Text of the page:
Adding to the difficulty was the fact that CTA was not only Canby’s telephone company but also the area’s primary provider of cable television services — albeit under a different company name as the result of an earlier acquisition.
“At the same time, we were going from orders being written on paper and pen to computer systems and all that,” Ares said. “We had a lot of long-term employees that really struggled with some of those changes. But we worked on that for quite some time before we made some really good progress on it.”
Like his predecessor, Ares was a longtime veteran of the telephone industry, having started in 1963 — which might as well have been a different world.
“Everything was mechanical,” he remembered. “If you dialed a nine on your phone, something would move nine times and then go find an available line to go to the next digit and the next digit until it connected to your home or business. … Toward the end of my tenure, I knew it was time for me to retire. It was a young person’s industry.”
As carefully as CTA approached new technology during those turbulent times, the company and its board of directors were just as thoughtful in finding and transitioning its leaders.
They struck gold with Keith Galitz, a former general manager at Qwest/US West who replaced Ares in 2005 and would serve CTA, which soon began doing business as Canby Telcom, for almost a decade.
By then, the techno-revolution was well underway — and there was no stopping it. Galitz recalls a busy era of simply working hard to keep up.
“Broadband, we understood it was coming. But I think I was still caught by surprise in how fast the demand for speed ramped up,” he said. “Copper was pretty slow: 30 [megabytes], 40 meg, 50 meg. We started putting in fiber and we got up to 100 meg with fiber, and you thought, ‘Wow, we’re going to really hit the nail on the head here.’ But no, they wanted a gig.”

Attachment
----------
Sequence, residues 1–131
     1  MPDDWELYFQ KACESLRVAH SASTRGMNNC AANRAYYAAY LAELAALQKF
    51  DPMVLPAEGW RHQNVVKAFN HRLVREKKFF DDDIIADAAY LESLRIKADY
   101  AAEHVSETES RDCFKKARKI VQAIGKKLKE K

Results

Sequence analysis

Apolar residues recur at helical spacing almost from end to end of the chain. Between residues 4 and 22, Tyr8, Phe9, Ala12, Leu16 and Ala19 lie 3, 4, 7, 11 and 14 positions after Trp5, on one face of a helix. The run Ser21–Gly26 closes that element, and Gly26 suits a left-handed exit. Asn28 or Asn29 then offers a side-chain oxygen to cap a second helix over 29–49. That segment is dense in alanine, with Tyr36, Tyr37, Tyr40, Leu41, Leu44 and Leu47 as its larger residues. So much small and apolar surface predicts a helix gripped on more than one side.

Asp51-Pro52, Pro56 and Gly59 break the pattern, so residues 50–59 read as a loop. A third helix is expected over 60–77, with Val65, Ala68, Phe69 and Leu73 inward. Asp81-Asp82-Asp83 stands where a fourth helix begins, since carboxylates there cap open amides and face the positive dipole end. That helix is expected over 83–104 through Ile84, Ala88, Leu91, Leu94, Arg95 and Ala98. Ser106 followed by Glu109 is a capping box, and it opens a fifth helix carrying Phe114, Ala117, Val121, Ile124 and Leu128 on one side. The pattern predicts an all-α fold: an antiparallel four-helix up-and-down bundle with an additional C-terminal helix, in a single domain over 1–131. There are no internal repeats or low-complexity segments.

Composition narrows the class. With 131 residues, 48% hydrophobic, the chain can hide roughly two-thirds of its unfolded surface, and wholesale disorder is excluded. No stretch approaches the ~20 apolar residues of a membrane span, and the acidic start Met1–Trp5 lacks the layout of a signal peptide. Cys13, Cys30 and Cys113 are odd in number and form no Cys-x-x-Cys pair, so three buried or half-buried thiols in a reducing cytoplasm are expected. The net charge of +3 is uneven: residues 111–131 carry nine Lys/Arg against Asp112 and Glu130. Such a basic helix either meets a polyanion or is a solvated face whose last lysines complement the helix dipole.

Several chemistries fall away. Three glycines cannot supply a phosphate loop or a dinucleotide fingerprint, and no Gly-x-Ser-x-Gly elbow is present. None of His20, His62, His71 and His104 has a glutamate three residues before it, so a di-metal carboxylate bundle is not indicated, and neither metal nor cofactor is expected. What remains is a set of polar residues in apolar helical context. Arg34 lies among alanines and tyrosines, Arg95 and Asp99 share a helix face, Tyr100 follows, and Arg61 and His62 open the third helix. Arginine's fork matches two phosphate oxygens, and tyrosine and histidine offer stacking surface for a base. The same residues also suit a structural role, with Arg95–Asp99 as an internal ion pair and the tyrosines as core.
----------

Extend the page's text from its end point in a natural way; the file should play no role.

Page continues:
Transitioning Canby Telcom’s system from copper lines — the telecommunications industry standard for more than 100 years — to fiber optic cable (which can carry more than 1,000 times the bandwidth) was one of the most significant and consequential undertakings in the company’s history.
“The deployment of fiber was probably the biggest change and the biggest project we’d taken on in a long, long time,” Galitz said. “But it put us in a position where I think we were probably a premier provider of broadband.”
Ironically, while Canby Telcom was grappling with the decrease in landline telephone subscriptions due to the rising popularity of wireless communications, it was investing significant resources in upgrading its infrastructure with high-grade fiber for high-speed broadband service.
“Voice was starting to go away,” he remembered. “The cellphone was taking the place of the landline phone. And really, voice was going to be just one application on the broadband pipe, along with a bunch of apps on the same pipeline.”
In Galitz’s role as president, the biggest learning curve was not emerging technology but the unique role of independent telephone companies like Canby Telcom. Having toiled in the heights of corporate America for more than 25 years, it was not a world he knew well.
He credited his predecessor, Ares, as well as then-board Chairman Don Peterson and attorney Roger Reif, with successfully bringing him on board.